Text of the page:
couple go into the church, but how she
watched in vain for them to come out.
It has not yet been decided whether
John E. West, tho conductor on tho
Powell-street line, whose car Blanche
Lamont and Durrant aro supposed to
have boarded, will bo called upon to tes
tify or not. He will be the ninth wit
ness. If it is deemed advisable to call
him, Georgo King will tako the stand.
King will state that while ho was prac
ticing in the Sunday-school room, be
tween 4 and C o'clock, on tho afternoon
of April 3, Durrant entered the room by
the backstairway. He will say tho pris
oner had his coat off; his hair was dis
heveled, and be was excited. Durrant
said he had been fixing tho gns above the
auditorium and had been overcome, and
asked him to get him some brouio
seltzcr. Tho Examiner says the prosecution
has a witness whose testimony will show
a motive for the murderers something
that baa been lacking heretofore, on ac
count of Durrant's standing in social and
religious circles. The name of the wit
ness is Elmer Wolfe, and it is said that
ho will swear that on April l, ono day
before Blanche Lamont was murdered,
he and Durrant held a conversation
which explains, with terrible signifi
cance, the young Btudont's motive for
luring the unfortunate girl into tho eanc
tuary. Wolfo has told the oIicc and
w ill tell tho jury that on tho afternoon of
April 2, he and Durrant held this con
versation which nicaut so much to tho
girl whom both had known only a fow
Durrani commented en tho beauty of
Blanche. In a tone of exhultation aud
not of respect, ho assured Wolfe that she
was a pure girl, and that ho intended to
rob her of that virtue which alio so
prized. The girl prized her honor more
than her life; that explains tho tragedy
of the following day. This overwhelming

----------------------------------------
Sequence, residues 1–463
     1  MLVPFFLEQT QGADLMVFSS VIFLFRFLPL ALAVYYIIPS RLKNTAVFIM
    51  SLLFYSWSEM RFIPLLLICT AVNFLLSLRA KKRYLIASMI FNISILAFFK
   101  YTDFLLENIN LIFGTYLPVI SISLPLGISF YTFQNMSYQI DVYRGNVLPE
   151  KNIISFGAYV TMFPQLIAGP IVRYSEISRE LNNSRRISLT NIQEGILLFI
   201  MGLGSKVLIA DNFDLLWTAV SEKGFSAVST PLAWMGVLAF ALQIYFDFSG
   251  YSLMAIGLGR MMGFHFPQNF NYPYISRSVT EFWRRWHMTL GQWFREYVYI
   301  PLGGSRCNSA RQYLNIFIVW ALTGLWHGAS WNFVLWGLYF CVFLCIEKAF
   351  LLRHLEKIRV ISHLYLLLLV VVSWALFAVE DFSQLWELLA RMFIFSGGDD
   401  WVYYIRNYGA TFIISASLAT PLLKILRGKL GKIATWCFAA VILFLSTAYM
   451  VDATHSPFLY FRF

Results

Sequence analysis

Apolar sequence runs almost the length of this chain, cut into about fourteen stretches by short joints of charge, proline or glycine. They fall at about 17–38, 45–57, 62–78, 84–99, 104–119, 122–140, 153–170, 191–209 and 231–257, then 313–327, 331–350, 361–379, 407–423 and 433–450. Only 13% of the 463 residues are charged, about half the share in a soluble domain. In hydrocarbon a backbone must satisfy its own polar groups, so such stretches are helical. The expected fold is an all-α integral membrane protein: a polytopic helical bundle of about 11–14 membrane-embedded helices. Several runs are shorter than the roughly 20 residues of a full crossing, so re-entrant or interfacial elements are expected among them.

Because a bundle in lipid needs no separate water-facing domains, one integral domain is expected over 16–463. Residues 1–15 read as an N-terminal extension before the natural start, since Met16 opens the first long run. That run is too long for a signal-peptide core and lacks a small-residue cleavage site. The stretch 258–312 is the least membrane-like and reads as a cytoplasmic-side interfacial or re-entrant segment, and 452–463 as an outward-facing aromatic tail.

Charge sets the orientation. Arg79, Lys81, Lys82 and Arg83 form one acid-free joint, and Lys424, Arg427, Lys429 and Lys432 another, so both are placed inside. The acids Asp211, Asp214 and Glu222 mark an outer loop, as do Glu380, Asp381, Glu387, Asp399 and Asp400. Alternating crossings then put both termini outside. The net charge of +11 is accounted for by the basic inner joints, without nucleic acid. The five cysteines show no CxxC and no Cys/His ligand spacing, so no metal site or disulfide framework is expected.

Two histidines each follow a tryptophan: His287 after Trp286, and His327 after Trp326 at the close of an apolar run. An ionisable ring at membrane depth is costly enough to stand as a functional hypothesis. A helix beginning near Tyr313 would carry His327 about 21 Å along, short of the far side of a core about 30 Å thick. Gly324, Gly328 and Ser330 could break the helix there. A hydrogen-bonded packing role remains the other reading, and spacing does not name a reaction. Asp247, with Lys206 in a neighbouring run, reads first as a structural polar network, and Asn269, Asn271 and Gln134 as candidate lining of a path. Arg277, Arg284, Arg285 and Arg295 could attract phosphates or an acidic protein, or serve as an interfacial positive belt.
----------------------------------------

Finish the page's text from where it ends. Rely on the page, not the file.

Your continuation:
leslimony which Wolfe will givo was
kept a secret by tho prosecution. Tho
defense and the public havo thought tho
young man was a friend of the
accused, and would take tho stand
only to speak a good work for him
Intimations wore given that Wolfe would
bo dragged into tho enso in a manner lit
tie to his liking. Thero was nosuspicion
that Durrant had confided to his friend
the ignoblo purpose which Inspired him.
Ho spoke in words far plainor than those
which have been used. Ho left no pos
sible doubt of what ho meant. Tho
source of this evi Jonco is, in tho opinion
of Captain Lees, one of tho strongest
proofs of its reliability. Had some ono
enjoying no moro than a simplo acquaint
ance with Durrant como forward with It,
there might bo some doubt, but Us spon
sor posscssod tbo studont's confidence,
shared Ida pleasures, and took part iu
much of tho dally routino of his lifo.
From his own circlo his condemnation
comes like a thuudorbolt.
Ono of tho interesting probabilities in
tho great caso which is now in progress
is that Attorney-General Fitzgerald may
bo called upon to mako tho closing argu
ment for tho state. Tho Attorney-general
is known as ono of tho ablo criminal
lawyers in tho state. Ho has been a
member of tho supremo court of tho
statoaud is thoroughly familiar with
every snng which awaits tho pleador iu
criminal law. It is urged Hint tho urcat
public im portunco of tho caso domands
his presence and activo participation.
Thoso who are urging that tho iittornoy
goneral should mako tho closing argu
ments wish in no-way to reflect upon
District Attornoy Barnes.
They are frank to a :knowledgo his
great ability but would like to seo him
fortified in a matter which touches the
stato so closely as this case. Acting
iiK)n that view thoy hope that tho attor
ney-general will bo invited to mako tho
closing argument. Attorney-General
Fitzgerald has been questioned about tho
inattor and will willingly tako part if he
be invited to do so.
Opening of the Campaign.
Toi'KKA, Kan., Sept. 3. At the Labor
day celebration in this city ex-Senator
Ingidls spoke from the same platform
with J. It. Burton, who is looked upon
aslngall's principal opponent in tho
race for the United States senatorship.
Their appearance was regarded as tho
opening of the senatorial campaign.
The ex-senator openly says he is a can
didate for his old seat. He is taking a
friendly stand in favor of silver in his
speeches. After speaking in a general
way on labor -topics, Senator Ingalls
turned his attention to the last con
gress: "If this were a congress inadequate
incompetent, insincere, hostile to the
best interests of this country, it was not
the fault of congress so much as it was
the constituents that sent them there."
Turning to the charges that seats
were bought in the United States senate,
he laid the blame at the same door,